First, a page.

From the Archives of Suicide Research:
A randomized controlled study published in the journal Archives of Suicide Research in October 2014, has found evidence suggesting that a modified 16-week DBT course to be effective in the treatment of self-harming teens with BPD symptoms. The study, which included 27 adolescents between the age of 12 and 18, was designed to evaluate the feasibility and acceptability of the DBT treatment approach for teenagers.
It is the first randomized controlled study to look at the efficaciousness of DBT treatment for this population and findings suggest that, “ . . . DBT adapted for adolescents could lead to early reduction in self-harm behavior.” Urges for self-harm were significantly reduced throughout the sample population and these reductions were stable in a majority of participants interviewed one year later.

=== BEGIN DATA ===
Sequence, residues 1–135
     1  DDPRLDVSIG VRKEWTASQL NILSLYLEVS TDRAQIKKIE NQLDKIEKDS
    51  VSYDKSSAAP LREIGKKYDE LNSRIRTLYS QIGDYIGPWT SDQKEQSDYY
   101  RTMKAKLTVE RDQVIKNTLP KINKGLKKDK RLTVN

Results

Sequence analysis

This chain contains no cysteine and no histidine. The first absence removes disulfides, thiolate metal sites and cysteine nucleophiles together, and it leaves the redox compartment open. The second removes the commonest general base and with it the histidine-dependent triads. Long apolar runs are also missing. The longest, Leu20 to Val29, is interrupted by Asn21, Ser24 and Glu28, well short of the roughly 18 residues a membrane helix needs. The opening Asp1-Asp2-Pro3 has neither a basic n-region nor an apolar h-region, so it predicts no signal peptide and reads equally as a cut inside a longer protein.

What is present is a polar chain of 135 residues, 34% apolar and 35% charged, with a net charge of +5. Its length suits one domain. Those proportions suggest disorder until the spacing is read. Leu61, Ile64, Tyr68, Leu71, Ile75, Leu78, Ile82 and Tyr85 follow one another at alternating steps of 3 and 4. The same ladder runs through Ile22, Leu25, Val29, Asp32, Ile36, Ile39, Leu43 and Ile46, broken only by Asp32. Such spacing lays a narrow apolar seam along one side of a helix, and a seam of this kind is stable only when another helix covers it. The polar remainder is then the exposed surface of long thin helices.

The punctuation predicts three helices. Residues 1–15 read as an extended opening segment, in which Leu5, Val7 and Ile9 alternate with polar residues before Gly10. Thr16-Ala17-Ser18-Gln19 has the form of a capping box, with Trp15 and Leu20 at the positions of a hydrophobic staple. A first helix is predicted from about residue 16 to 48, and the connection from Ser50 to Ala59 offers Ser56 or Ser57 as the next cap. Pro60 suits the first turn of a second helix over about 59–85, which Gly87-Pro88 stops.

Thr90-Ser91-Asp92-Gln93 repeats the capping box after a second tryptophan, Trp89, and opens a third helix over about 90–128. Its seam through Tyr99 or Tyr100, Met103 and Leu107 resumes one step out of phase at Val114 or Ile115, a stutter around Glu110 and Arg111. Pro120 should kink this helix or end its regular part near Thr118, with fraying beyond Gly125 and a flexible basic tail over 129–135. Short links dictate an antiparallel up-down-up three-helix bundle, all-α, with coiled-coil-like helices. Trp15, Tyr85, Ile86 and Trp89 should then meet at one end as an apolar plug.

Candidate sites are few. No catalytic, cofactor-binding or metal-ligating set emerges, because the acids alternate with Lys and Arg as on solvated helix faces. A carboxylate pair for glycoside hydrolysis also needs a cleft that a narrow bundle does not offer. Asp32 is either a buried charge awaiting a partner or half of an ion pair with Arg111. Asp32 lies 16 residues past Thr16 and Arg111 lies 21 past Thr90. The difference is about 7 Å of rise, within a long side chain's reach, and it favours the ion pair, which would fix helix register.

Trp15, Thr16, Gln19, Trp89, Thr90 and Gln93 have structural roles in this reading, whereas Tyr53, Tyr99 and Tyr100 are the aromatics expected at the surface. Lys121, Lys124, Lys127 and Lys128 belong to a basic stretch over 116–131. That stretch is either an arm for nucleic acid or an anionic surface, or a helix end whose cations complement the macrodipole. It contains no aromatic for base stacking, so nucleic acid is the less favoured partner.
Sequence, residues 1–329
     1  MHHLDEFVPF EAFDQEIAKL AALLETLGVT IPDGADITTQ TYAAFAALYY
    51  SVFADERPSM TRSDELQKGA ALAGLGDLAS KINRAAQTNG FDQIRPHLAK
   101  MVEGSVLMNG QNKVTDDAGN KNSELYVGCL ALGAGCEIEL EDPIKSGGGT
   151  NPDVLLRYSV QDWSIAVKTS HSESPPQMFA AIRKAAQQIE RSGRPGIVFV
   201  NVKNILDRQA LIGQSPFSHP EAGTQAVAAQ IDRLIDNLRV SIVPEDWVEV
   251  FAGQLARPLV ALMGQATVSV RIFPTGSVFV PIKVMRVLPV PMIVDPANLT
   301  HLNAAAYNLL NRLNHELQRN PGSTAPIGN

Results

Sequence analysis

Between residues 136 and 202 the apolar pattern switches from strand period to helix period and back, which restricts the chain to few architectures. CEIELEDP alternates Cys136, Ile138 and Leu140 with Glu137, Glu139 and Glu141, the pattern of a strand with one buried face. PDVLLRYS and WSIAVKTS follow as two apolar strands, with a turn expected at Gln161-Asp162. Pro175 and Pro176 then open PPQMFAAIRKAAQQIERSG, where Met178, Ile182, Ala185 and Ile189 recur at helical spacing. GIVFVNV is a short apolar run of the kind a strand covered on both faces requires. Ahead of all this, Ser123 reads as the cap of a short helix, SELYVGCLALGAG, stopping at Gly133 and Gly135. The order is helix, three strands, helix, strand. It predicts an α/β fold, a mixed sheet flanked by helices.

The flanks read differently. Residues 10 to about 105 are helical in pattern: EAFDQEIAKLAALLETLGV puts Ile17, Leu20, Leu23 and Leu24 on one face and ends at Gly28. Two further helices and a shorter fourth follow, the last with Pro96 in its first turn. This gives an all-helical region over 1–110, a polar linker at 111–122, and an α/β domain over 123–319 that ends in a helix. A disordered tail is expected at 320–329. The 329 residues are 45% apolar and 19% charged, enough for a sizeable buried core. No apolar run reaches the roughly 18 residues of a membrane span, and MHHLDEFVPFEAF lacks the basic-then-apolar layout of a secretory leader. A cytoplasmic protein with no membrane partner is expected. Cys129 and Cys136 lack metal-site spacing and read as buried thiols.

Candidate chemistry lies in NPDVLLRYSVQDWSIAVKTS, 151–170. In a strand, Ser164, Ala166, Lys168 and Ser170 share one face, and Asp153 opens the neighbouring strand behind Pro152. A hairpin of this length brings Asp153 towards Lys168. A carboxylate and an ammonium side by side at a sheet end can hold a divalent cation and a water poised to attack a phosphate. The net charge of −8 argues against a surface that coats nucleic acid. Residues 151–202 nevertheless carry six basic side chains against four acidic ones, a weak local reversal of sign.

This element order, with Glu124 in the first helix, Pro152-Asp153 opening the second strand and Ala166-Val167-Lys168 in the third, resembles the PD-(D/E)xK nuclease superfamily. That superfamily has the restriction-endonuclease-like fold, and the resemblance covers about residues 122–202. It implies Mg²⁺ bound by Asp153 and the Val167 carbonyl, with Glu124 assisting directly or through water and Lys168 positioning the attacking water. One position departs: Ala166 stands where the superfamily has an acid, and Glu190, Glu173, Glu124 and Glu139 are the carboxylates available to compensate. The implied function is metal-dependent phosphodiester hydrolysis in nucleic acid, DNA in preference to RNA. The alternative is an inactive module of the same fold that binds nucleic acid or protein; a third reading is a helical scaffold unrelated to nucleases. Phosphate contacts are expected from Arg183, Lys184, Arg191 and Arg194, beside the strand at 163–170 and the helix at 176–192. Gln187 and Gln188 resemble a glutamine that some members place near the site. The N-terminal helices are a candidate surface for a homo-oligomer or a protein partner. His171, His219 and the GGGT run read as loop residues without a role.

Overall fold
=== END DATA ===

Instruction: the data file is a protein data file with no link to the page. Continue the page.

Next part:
DBT, a well documented 52-week treatment designed for adults with BPD, which focuses on cognitive and behavioral changes while utilizing an acceptance based strategy, was modified for adolescents. The modified version was reduced down to 16-weeks and included 1 hour of individual therapy per week, one weekly 2-hour multifamily skills training group, family therapy sessions on an as needed basis, and inter-session telephone coaching in skills use.
To read the full study, click here.